To: Rodger Grossman
subj: sell out
date: Thu., August 15, 1996, 6:09 AM
PUNK SELLS?????????? Man, fuck you, I'll boycott your film you faggot bitch, no punk in their mind will watch it knowing your true intention, your [sic] trying to sell us out!!!!!!! Motherfucker, all you care about is money you bitch, I will eventually put out films, but they won't sell punk out like your fucking ass will be, my movie kick your sick attack on the fond memory of Darby...I'll find you, it won't be hard...
In life, Darby Crash was a complex talent; in death, he has become an icon. During the early years of Los Angeles punk, no figure embodied the scene better than the Germs singer, and he lived punk's nihilistic ethos right down to his suicide by heroin overdose in December 1980. Still young (22) and relevant (the Germs' lone full-length, the excellent (GI), had come out the year before) at the time of his death, he has remained something of a hero--not only to the old Hollywood scene, but to a nation of subsequent underground rockers. (To use a well-known example, Kurt Cobain--who made Germs guitarist Pat Smear a member of Nirvana--idolized him.)
Crash--born Jan Paul Beahm; he changed his pseudonym from Bobby Pyn to Darby Crash shortly after the Germs formed in 1977--was first immortalized in Penelope Spheeris' punk documentary The Decline of Western Civilization. Loaded to the gills, chipped-toothed, and slightly baby-faced, he performs what looks more like a hypnotic, primal ritual than like a rock show. Writhing onstage, scrawling all over his face with a felt-tip pen, he caterwauls the lines to "Manimal": "I came into this world like a puzzled panther / Waiting to be caged...I was never quite tamed." The image frozen in time, the one that has been reproduced on a multitude of Decline posters and taped up in bedrooms of punks young and old, is of Crash lying on his back during the same performance with his eyes closed. He looks tragic, glamorous as any rock star, and very dead.
Clearly Crash's life carried plenty of art-house drama: a good-looking, sexually ambiguous hero who had reportedly been planning his own suicide for five years, contemplating death even as he rose in fame and notoriety in a nascent club scene. Considering the live-fast-die-young allure of the tale, it's no surprise that now, almost 20 years after his suicide, a sort of Darby-mania has erupted, with people lining up to tell the story of Crash's life. At least two biographies are being penned--one by the singer's high school friend Michelle Baer Ghaffari (whose punk cred was sealed by her Decline appearance during a kitchen interview with Crash), and another co-written by Don Bolles (the former Germs drummer) and Brendan Mullen (the former proprietor of legendary Hollywood punk club the Masque).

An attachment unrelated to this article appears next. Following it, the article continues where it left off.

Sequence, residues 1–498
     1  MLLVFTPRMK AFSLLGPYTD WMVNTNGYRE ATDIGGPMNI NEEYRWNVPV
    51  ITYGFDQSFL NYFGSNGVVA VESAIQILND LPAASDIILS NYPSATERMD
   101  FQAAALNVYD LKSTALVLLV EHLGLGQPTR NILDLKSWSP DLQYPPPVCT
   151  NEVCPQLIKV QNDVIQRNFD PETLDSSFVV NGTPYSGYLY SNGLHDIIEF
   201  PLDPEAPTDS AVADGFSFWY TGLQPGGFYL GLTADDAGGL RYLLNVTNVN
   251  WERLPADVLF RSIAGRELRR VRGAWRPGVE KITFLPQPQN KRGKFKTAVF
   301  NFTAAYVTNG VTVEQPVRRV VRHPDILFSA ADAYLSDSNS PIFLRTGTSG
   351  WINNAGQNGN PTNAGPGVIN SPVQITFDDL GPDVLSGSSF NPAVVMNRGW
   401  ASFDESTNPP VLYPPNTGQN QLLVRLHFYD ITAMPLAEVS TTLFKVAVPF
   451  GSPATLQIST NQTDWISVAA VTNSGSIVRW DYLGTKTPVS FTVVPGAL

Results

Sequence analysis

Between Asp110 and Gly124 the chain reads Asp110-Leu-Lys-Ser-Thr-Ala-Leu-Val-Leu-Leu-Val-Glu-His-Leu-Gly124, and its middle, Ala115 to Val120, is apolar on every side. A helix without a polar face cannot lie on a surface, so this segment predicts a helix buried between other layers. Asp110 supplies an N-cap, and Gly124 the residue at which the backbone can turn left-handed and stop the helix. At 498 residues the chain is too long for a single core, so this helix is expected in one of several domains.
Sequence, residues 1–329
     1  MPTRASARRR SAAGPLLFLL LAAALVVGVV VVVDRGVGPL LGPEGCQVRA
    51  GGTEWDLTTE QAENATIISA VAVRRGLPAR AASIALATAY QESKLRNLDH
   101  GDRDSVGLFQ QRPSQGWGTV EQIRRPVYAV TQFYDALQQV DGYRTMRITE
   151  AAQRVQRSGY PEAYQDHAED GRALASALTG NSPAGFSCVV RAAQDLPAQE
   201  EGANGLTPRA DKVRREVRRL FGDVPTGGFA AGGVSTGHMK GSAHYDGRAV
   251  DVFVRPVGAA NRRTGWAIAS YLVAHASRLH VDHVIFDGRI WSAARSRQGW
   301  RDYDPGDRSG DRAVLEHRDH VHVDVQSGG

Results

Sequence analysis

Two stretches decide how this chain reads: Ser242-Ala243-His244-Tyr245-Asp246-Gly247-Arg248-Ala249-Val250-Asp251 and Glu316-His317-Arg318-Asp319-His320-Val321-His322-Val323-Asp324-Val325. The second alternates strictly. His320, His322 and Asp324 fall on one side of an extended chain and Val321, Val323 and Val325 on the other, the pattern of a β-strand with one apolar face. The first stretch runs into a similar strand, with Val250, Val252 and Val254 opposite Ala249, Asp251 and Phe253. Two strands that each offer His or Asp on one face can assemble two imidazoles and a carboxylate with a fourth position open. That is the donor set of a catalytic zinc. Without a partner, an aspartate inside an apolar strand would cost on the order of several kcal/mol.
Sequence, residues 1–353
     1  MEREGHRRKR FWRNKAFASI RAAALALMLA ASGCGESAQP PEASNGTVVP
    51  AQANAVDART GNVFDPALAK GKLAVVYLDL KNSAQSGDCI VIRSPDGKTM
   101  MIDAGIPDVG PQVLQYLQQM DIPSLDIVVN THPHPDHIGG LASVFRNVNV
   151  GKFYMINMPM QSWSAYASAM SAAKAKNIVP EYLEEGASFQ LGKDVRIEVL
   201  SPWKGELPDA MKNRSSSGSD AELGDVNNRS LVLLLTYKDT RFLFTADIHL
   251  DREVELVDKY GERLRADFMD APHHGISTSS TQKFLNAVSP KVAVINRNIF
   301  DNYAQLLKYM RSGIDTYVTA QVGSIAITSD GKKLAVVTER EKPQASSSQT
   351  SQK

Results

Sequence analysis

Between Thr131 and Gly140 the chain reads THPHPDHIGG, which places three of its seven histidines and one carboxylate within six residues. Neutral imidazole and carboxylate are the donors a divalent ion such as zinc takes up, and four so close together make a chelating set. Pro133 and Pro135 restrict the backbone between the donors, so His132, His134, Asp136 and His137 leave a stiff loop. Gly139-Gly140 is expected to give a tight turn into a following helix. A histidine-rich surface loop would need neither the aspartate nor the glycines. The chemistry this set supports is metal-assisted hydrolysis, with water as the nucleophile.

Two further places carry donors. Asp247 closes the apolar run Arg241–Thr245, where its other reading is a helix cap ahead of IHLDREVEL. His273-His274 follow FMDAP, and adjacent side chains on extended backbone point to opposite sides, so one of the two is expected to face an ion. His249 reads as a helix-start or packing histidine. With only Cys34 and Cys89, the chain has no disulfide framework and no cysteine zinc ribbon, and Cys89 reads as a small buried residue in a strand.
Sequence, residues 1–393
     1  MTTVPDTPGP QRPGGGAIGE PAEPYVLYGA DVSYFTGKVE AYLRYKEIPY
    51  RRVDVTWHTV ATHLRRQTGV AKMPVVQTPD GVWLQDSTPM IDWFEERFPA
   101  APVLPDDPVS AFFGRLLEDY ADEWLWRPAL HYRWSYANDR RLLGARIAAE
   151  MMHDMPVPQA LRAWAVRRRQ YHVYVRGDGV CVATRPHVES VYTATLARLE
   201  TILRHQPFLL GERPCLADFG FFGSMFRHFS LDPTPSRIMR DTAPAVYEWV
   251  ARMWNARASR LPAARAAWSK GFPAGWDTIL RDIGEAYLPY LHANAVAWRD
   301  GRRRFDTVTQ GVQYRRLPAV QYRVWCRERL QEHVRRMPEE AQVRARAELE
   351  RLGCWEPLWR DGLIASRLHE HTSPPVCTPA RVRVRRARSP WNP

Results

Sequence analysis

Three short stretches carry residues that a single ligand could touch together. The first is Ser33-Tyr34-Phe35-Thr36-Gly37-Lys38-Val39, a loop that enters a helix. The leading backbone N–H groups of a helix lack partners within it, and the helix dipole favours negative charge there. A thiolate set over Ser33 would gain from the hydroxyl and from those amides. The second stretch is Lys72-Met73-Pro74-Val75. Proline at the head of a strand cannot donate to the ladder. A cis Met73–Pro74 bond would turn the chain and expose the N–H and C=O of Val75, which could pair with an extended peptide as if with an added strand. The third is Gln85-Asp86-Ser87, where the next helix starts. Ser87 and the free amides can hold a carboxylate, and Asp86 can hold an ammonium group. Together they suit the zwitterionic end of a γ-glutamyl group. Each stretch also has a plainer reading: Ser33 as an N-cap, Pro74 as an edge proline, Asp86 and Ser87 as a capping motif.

More controversial are two potential celluloid versions of the story that have been trying to get off the ground for years: A 1990 script co-penned by writer-directors Allison Anders (whose 1996 film Grace of My Heart reduced Phil Spector and Brian Wilson to insane, foolish stereotypes) and Kurt Voss (Baja); and a more recent script by Rodger Grossman, a first-time director who has slogged through four problem-plagued years of trying to get his own movie made. But nothing about the two projects has been easy. In addition to the usual problems indie filmmakers face from within the movie industry, both Anders and Grossman have had to contend with a whole other set of hurdles from the outside: Former scenesters, orthodox punks, and Crash's friends all stumbling over each other in an effort to protect Crash's legacy or their own interests--and often both.
"God help these people writing screenplays about Darby Crash," says Ghaffari. "If you make one step the wrong way, you're going to piss off too many people, and you're not going to be able to make your project."
"I think it's a fool's mission," says Nicole Panter, former Germs manager turned writer and professor. "It's a Catch-22: The people who have the budget won't have the sensibility, and the people who have the sensibility won't get the money."
"Everywhere we turned," Anders adds, "the project was riddled with black-comedy results. After a while, it was such a pain in the ass that it wasn't worth it to me."
The Darby Crash story is one filled with symbols: the "Germs burn," a cigarette brand on the wrist that could only officially be wrought by Crash or another Germ; the Asian symbolism of the blue circle; Crash's trademark clarion call, "Gimme a bee-er!" It's also filled with mystery; everyone who knew Crash paints a different picture. Consider the following characterizations of Crash given for this article:
Writer-musician Pleasant Gehman, who helped the Germs get their first gig at the Orpheum in L.A.: "Certainly his whole deal was not that he was some sort of messiah--he would have been the last person to say that. I mean, we came out of the '70s-loader-stoner-fuck-up-insane-go-to-Westwood-and-knock-over-ashtrays-because-we-weren't-old-enough-to-get-into-bars kind of vandalism."